Confirmed, finally: D-Wave quantum computer is sometimes sluggish

The D-Wave Two quantum computer clocks in no faster than a standard PC, but those already well-known results still leave us scratching our heads over speed testing.

Nick Statt Former Staff Reporter / News
Nick Statt was a staff reporter for CNET News covering Microsoft, gaming, and technology you sometimes wear. He previously wrote for ReadWrite, was a news associate at the social-news app Flipboard, and his work has appeared in Popular Science and Newsweek. When not complaining about Bay Area bagel quality, he can be found spending a questionable amount of time contemplating his relationship with video games.
Nick Statt
4 min read

Jeremy Hilton, D-Wave's vice president of processor development, with one of the company's quantum computers. Screenshot by Nick Statt/CNET

D-Wave Systems, the leading manufacturer of the world's first commercially available quantum computers, is the most well funded and far along player in the quantum chip race, but hasn't yet succeeded in convincing scientists that its machines are successfully achieving quantum speedup. In other words, we're not sure that its product is speedier than traditional, silicon-based machines.

In fact, in certain situations, the $15 million D-Wave Two is still no faster than the computer on your desk right now.

A research team at the Swiss Federal Institute of Technology in Zurich reports that there is still a lack of definitive evidence that the D-Wave Two can perform functions any faster than traditional machines. The results of the test were published in the journal Science Thursday, though the work of head physicist Matthias Troyer has been widely circulated since January because the paper was available in pre-print.

"Using random spin glass instances as a benchmark, we find no evidence of quantum speedup when the entire data set is considered, and obtain inconclusive results when comparing subsets of instances on an instance-by-instance basis," Troyer, a physicist at the Swiss Federal Institute of Technology, wrote.

Quantum speedup is the process by which a computer not based on silicon -- D-Wave uses tiny liquid helium-cooled loops of niobium for its computers -- can bypass traditional computational limits through the quirky, occasionally unexplainable weirdness of quantum mechanics. While binary computers are restricted to math-based computations using bits that flip between 1 and 0, quantum computers hijack properties like entanglement and superposition using quantum bits, or qubits, that exist as 1 and 0 simultaneously, theoretically amping up the calculation speed exponentially.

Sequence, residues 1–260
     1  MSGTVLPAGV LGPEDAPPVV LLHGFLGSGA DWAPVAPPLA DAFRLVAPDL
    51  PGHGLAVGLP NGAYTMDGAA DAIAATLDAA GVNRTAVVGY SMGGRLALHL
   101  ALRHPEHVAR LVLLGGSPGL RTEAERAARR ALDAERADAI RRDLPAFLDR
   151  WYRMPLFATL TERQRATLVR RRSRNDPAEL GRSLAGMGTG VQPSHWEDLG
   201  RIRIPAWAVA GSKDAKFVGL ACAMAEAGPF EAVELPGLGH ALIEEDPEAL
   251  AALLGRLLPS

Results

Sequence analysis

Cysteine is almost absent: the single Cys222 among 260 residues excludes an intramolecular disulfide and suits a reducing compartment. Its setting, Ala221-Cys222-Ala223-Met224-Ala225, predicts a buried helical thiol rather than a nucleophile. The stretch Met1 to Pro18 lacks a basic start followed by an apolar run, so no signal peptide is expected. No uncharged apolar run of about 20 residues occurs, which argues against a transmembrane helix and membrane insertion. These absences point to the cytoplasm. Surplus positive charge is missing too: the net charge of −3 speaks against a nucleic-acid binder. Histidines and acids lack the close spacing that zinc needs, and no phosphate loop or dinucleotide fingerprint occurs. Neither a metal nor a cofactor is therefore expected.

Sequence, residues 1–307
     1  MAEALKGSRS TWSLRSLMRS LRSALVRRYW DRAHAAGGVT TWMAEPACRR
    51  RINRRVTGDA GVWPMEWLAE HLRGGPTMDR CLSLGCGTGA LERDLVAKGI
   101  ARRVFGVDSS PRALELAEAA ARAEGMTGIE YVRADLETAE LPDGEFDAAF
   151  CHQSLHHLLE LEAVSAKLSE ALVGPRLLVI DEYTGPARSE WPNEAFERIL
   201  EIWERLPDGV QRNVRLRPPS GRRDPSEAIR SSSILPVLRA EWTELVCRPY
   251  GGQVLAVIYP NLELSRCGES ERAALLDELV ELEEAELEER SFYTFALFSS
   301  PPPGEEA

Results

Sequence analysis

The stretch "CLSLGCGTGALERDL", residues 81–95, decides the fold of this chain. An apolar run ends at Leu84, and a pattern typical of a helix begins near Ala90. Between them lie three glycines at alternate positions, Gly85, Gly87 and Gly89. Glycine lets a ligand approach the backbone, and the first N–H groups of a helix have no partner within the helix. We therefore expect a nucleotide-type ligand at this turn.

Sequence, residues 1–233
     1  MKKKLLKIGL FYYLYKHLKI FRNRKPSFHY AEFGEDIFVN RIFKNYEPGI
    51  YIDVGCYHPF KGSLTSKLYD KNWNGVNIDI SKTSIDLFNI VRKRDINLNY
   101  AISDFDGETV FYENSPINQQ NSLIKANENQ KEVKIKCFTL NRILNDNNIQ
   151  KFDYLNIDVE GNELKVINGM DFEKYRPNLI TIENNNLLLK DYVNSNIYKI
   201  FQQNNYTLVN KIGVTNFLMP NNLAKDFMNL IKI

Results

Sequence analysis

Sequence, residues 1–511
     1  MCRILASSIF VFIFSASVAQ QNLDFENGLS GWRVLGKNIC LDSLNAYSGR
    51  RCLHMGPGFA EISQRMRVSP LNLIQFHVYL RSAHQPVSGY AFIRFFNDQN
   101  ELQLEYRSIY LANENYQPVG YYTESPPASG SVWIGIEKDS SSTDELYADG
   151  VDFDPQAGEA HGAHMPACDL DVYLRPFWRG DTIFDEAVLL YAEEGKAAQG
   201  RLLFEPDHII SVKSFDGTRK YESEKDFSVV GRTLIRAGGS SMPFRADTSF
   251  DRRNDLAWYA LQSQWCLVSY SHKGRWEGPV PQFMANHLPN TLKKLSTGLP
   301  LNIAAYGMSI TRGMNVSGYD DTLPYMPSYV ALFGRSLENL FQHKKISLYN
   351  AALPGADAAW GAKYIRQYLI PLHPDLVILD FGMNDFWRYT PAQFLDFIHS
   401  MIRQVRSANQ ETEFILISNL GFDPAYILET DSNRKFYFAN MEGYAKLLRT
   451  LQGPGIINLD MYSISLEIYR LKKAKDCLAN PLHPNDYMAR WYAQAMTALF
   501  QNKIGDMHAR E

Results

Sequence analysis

Screenshot by Nick Statt/CNET

The Zurich tech is yet another conflicting assessment of D-Wave's hardware -- and runs counter to the results touted by D-Wave itself, as well as Google. The search giant last year established its Quantum Artificial Intelligence Lab in a partnership with the NASA Ames Research Center and Universities Space Research Association. The goal is to use quantum computations to unearth new ways of breaking through the computation walls currently plaguing the progress of algorithmic AI and machine learning. Google is using D-Wave as its primary product.

Google and NASA celebrated the D-Wave Two back in January with test results of its own showcasing the D-Wave's quantum speedup clocking in at 35,500 times faster than off-the-shelf optimization solvers. But Google was quick to point out, as Troyer laid out in the Science article, that there is no clear cut way of testing quantum computation because we don't really know how to calculate, or even detect, quantum speedup, let alone set a standard for benchmarking.

"While this is an interesting baseline, these competitors are general-purpose solvers. You can create much tougher classical competition by writing highly optimized code that accounts for the sparse connectivity structure of the current D-Wave chip," Google admitted in a blog post concerning the results.